Remember when we used to go into an actual office for work?
Seems like a lifetime ago, but then again, the past 12 or so months have dragged on more than the new Netflix series, Crime Scene: The Vanishing at the Cecil Hotel.
Sorry, I had to get that dig in. It’s a classic example of a four-part series that could have been a two-part series, or a meeting that could have been an email.
But, we digress, so let’s circle back to the results of a recent study by Nicholas Bloom, an economist at Stanford University.
Bloom began researching working from home long before the pandemic arrived, and his latest study, based on months of surveys of more than 20 000 Americans up until December, reveals some interesting results.
The Financial Times unpacks some of those:
Workers and companies alike have found it is better than expected. Both have sunk money into the equipment needed for it ($600 for the average worker).
The “shirking from home” stigma has faded. No one wants to go back to grim five-day office commutes.
All up, workers think being able to work from home two or three days a week is as valuable as a pay rise of about 8 per cent.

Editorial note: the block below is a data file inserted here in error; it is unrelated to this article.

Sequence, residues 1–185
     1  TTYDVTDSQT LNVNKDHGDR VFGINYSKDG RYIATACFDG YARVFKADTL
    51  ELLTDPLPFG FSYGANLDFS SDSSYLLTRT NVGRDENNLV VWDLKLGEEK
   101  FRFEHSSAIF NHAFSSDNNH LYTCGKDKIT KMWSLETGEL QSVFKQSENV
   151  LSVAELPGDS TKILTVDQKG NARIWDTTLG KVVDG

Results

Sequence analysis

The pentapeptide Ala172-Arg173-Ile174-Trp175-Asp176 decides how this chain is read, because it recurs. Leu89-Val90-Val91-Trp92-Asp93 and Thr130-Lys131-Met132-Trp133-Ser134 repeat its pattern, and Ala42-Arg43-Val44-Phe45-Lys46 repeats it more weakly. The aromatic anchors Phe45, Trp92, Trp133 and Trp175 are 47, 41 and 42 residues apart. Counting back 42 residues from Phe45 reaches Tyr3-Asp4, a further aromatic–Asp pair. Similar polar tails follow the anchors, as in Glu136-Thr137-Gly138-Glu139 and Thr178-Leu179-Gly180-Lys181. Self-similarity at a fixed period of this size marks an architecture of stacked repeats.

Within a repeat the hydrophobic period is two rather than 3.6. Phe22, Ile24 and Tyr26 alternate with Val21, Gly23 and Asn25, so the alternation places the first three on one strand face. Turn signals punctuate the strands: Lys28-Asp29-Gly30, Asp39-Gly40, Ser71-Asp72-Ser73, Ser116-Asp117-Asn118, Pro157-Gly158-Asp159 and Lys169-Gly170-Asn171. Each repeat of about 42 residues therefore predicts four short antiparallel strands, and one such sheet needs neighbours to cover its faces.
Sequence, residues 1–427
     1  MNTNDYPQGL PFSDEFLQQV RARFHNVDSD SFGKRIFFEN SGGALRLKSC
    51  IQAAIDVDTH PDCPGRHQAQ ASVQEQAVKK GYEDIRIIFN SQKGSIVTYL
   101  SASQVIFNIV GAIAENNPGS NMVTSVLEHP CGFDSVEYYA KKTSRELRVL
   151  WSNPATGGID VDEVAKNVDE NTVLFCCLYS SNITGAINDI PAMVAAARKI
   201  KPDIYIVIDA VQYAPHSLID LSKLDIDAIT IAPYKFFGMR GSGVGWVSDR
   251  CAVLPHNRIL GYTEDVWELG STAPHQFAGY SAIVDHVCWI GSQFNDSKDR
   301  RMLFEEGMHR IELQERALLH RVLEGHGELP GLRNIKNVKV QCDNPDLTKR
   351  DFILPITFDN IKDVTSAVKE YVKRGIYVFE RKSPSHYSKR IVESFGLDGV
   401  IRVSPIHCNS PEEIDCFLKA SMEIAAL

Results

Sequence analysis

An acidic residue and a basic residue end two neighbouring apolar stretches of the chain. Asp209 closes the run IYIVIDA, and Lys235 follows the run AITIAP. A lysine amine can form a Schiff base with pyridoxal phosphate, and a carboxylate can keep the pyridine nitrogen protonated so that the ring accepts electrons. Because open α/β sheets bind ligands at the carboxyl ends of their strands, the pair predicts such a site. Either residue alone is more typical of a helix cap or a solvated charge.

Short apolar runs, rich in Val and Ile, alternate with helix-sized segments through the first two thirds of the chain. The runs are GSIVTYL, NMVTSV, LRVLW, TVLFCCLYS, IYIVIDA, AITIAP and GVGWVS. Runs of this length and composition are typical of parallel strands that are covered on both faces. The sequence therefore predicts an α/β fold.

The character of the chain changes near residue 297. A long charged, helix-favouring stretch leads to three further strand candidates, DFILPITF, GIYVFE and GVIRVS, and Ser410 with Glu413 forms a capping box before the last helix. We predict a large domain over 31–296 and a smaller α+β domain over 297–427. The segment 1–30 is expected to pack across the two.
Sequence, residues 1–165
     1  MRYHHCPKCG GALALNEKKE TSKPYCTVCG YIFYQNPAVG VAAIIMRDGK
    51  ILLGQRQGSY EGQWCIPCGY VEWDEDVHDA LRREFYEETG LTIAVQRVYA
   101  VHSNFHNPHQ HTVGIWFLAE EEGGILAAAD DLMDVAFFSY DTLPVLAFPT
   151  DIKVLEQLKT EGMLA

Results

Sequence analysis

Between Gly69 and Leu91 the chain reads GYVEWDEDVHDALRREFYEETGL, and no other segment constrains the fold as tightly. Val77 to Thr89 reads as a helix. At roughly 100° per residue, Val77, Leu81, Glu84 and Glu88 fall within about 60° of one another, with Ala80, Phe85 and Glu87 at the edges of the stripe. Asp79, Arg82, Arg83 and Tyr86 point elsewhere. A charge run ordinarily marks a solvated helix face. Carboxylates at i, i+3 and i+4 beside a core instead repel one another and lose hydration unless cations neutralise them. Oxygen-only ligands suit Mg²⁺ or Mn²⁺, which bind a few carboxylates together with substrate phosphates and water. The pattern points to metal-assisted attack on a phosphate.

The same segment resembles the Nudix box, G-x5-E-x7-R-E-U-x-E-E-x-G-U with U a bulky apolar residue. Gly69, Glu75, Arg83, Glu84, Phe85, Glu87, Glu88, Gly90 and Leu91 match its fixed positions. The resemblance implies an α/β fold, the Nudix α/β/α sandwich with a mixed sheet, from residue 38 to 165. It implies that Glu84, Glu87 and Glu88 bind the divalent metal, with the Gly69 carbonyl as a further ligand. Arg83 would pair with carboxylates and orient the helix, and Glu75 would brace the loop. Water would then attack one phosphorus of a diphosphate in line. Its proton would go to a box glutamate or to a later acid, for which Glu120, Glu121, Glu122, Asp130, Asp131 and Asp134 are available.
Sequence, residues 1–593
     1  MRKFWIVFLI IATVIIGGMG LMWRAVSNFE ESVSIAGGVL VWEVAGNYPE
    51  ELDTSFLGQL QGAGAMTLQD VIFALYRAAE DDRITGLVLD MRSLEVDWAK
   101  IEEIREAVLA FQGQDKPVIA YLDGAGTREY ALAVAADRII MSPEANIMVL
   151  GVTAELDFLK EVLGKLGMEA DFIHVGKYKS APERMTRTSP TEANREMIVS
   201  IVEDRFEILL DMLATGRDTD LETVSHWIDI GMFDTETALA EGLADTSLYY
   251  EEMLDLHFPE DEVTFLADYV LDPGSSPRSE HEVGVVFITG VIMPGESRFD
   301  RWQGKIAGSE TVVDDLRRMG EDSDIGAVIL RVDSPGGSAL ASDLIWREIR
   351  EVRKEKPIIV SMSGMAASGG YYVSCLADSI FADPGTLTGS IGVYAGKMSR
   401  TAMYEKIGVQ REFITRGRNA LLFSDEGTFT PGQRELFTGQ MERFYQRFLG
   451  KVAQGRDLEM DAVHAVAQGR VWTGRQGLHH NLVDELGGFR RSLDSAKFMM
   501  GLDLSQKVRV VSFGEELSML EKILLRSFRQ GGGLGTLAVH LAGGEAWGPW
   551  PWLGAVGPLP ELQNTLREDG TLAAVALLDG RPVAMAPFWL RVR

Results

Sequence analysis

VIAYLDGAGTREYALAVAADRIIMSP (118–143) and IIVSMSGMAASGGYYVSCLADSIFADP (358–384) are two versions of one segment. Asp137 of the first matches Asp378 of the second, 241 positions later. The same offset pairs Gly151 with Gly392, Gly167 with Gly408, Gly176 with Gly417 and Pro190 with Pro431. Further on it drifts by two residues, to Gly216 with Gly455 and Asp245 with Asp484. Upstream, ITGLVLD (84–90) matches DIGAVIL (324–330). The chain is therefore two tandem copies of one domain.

I guess that’s the price you put on an extra hour in bed, having your pet within reach, and generally being able to work whilst in a state of dishevelment all day.
Bloom’s research does pinpoint one scenario that can prove tricky, though:
One thing is already clear, he says. “Mixed mode is a complete horror.”
By this he means a mixed team of, say, five people at home and four in the office, all struggling to hear each other on badly-connected Zoom calls. Even when the tech works, people at home know they will miss out on crucial post-meeting huddles that only those in the office can have.
“It’s a disaster’,” says Bloom. “So firms are really trying to organise it so that you’re either all at home, or all in at work.”
Another worry is that those who work from the office are usually more likely to be promoted, whilst those that work from home, such as working mothers, could be passed over for such roles.
You can read the full FT report here.
A very popular Twitter thread by Chris Herd, the founder and CEO of Firstbase HQ, which helps companies set up their employees to work from home, has also done the rounds this week.
Herd clearly has skin in the game, but he makes some interesting points:
I’ve spoken to 2,000+ companies over the last 12 months about their plans for remote work going forward
Here are a few things I’ve learned
[ a thread ] 💻🏠🌍
— Chris Herd (@chris_herd) February 9, 2021
As long as I get that extra hour in bed, long may remote working continue.
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